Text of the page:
Daimler, Ford and Nissan have entered into a unique three-way alliance that will see the three leading global automakers collaborate on a common hydrogen fuel cell system to power their future zero-emission vehicles.
The joint venture that spans three continents is intended to lead to the launch of the world’s first affordable, mass-market hydrogen-powered vehicles within five years and help define global specifications and component standards.
Daimler (the parent company of Mercedes-Benz), Ford Motor Company and Nissan Motor Company will invest equally towards the project, reducing costs associated with engineering the technology by maximising design commonality and deriving efficiencies through economies of scale.
In a joint statement, the trio said the alliance sends a clear signal to suppliers, policy makers and the automotive industry to encourage further development of hydrogen refuelling stations and other infrastructure necessary to allow the technology to be mass-marketed.
Daimler, Ford and Nissan have already logged more than 10 million kilometres of testing in fuel cell vehicles independently and bring together more than 60 years of cumulative experience.
Daimler Group research and Mercedes-Benz Cars development chief Thomas Weber said the collaboration would speed up the introduction of hydrogen technology across the globe.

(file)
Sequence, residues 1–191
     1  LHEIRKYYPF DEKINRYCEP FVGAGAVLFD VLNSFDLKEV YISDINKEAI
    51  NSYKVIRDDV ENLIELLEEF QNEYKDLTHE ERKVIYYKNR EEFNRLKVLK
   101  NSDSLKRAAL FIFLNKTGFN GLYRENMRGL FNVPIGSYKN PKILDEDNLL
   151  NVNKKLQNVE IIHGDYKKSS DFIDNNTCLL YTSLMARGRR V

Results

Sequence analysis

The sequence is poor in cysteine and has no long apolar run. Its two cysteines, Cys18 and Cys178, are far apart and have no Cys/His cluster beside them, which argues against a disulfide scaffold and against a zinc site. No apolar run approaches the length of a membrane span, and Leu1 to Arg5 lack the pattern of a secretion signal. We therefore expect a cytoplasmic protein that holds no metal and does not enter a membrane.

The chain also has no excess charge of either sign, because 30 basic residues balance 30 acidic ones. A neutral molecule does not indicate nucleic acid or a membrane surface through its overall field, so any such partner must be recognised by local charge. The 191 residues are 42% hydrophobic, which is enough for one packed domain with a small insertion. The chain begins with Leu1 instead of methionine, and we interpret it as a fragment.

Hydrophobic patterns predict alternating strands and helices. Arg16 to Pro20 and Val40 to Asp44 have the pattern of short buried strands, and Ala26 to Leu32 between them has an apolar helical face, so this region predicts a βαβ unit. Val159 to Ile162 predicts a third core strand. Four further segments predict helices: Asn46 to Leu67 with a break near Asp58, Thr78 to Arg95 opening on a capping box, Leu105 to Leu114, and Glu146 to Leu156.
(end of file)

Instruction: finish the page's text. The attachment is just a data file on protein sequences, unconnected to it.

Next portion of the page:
“We are convinced that fuel cell vehicles will play a central role for zero-emission mobility in the future,” Weber said.
“Thanks to the high commitment of all three partners we can put fuel cell e-mobility on a broader basis.”
Nissan executive vice president Mitsuhiko Yamashita described fuel cell vehicles as the “obvious next step” to complement today’s battery-powered electric vehicles.
Fuel cell vehicles generate electricity in an on-board fuel cell stack in an electrochemical reaction between hydrogen – stored in a high-pressure tank in the car – and oxygen from the air. Driving range is comparable to that of petrol-powered vehicles, while the only by-products are water vapour and heat.